Let's imagine the political possibilities of the next two years and beyond. So far, President Obama's response to the drubbing of the mid-term has confirmed the progressive community's worst fears. Astonishingly, he still seems to believe the following:
The American people care more about bipartisan compromise and budget cuts than about ending the economic crisis.
If he just compromises a little more, the Republicans might still meet him halfway.
The recipe for economic recovery has something to do with reducing the short term federal deficit.
All three of these premises are disastrously wrong -- as politics and as economics.
Gestures like freezing federal pay levels and cutting the government workforce only play into the rightwing mantra that the government is the problem. Politically, they signal weakness.
This move makes no significant impact on the deficit, reduces employment and purchasing power; and, characteristically, Obama got nothing in return. The Democratic National Committee, disgracefully, even used the Organizing for America email list to try to drum up support for a Democratic president freezing worker pay during a deep recession.
The Bush tax cuts expire on December 31. Most Democrats are beating on the Republicans for refusing to spare 98 percent of Americans a tax hike, so that the top 2 percent can continue to get lower rates. Most Democrats are whacking the Republicans for letting unemployment insurance expire at a time of increased joblessness. But the message gets blurred because of Obama's mixed signals.
And instead of drawing a line in the sand and making clear that Democrats will not cut Social Security, Obama encouraged Democrats to support the scheme of the deficit commission, which was an anti-government, anti-social insurance blueprint that had very little public support and no constructive impact on the economic recovery that the country needs, and robbed Democrats of their most potent issue -- that Democrats defend Social Security and Republicans don't.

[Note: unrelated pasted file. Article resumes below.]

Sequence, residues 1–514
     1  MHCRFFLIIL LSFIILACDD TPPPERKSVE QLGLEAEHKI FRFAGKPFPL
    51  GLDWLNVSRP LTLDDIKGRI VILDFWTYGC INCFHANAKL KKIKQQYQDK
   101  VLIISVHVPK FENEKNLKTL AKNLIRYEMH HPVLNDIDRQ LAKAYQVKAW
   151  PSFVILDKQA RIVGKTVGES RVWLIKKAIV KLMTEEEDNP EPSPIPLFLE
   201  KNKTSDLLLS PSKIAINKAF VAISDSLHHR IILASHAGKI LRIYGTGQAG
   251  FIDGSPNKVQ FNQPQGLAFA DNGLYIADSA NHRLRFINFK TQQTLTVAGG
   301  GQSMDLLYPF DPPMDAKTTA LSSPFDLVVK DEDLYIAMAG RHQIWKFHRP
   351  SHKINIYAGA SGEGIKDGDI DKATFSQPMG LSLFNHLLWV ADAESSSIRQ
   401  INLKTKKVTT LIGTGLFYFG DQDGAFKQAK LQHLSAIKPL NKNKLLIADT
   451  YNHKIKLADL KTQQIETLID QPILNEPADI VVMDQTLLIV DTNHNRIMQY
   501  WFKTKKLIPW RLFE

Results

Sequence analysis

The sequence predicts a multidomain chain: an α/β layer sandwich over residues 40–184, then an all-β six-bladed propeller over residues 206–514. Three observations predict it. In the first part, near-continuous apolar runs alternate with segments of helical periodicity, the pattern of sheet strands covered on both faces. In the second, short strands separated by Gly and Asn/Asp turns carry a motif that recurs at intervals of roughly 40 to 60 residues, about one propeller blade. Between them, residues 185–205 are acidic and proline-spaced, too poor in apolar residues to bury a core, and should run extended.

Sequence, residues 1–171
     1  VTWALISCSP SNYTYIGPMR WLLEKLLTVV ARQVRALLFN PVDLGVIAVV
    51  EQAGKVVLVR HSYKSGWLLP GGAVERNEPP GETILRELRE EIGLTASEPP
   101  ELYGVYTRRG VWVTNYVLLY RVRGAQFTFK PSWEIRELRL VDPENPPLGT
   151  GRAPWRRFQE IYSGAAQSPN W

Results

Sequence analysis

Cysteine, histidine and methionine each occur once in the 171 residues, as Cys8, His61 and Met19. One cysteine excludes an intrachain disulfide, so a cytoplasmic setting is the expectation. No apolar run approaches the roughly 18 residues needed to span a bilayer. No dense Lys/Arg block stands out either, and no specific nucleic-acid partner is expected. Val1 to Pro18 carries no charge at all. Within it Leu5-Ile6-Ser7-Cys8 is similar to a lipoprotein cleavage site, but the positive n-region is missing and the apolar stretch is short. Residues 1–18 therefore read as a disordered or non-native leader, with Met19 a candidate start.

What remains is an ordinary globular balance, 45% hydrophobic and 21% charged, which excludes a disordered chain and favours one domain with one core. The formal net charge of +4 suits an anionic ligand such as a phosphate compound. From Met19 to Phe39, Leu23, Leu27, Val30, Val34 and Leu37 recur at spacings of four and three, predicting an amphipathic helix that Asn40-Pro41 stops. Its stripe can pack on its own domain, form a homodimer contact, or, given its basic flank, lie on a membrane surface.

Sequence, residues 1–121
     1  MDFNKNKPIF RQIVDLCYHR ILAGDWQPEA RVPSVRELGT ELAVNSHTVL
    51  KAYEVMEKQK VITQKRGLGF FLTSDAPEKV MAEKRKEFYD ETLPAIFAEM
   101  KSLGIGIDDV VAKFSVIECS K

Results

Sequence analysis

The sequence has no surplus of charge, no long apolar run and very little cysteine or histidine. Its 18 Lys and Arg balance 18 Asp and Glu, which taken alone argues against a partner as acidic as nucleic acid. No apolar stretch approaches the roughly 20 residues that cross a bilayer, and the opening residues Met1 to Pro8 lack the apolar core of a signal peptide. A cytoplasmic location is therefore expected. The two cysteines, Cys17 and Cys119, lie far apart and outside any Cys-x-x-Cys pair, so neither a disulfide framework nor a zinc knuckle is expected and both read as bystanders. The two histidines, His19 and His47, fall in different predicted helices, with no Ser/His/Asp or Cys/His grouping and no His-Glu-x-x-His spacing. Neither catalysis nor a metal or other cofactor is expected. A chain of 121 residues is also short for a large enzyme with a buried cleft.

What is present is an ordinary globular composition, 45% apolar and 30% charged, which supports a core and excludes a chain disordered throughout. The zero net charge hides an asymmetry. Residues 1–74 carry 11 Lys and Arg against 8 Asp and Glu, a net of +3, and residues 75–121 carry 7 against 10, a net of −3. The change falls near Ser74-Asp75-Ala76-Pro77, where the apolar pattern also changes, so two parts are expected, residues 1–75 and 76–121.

To add insult to injury, Obama just proposed yet another Bush-style trade deal with South Korea, which is likely to be a net job loser for the U.S. The widely expected appointment of investment banker and Robert Rubin protégé Roger Altman as Obama's chief economic adviser to succeed Larry Summers will continue the Wall Street dynasty at the White House.
The problem, however, is not Obama's advisers. It is the man who appointed them -- and his failure to know how to fight and lead as a progressive.
Let's stop pretending. Barack Obama is a disaster as a crisis president. He has taken an economic collapse that was the result of Republican ideology and Republican policies, and made it the Democrats' fault. And the more that he is pummeled, the more he bends over.
So what exactly are our prospects and alternatives?
Absent radically different policies, an economic depression will continue indefinitely. This is not a "Great Recession" in the New York Times' cute pun. It's a depression, made up of persistently high unemployment, reduced consumer purchasing power, damaged banks, and business unwillingness to invest, just like the 1930s. Unemployment is not quite as severe, but measured properly it is around 18 percent. And unlike in the 1930s, we don't have a strong Democratic president using activist government to dig our way out.
With Congress deadlocked, the second best course in these circumstances is to offer progressive policies that will cure the depression, and beat the stuffings out of the Republicans for blocking them. But that is simply not going to happen because that is not who Obama is. His style is not to draw bright lines, but to blur them.
Absent that kind of leadership, the Republicans going onto 2012 will succeed in blaming the continuing crisis on Obama and the Democrats. Obama is rapidly becoming our Herbert Hoover. As you will recall, Hoover's legacy was Democratic dominance of American politics for a generation.
The 2012 election is especially bleak because redistricting, with the increased Republican control of statehouses, gives the Republicans a likely pickup of ten to twenty House seats independent of other electoral trends. On the Senate side, just 10 Republican-held seats are up for re-election compared to 23 Democratic ones. The arithmetic alone suggests a Republican Congress.( Collapse )source
perfectisafault isn't posting about South America? :O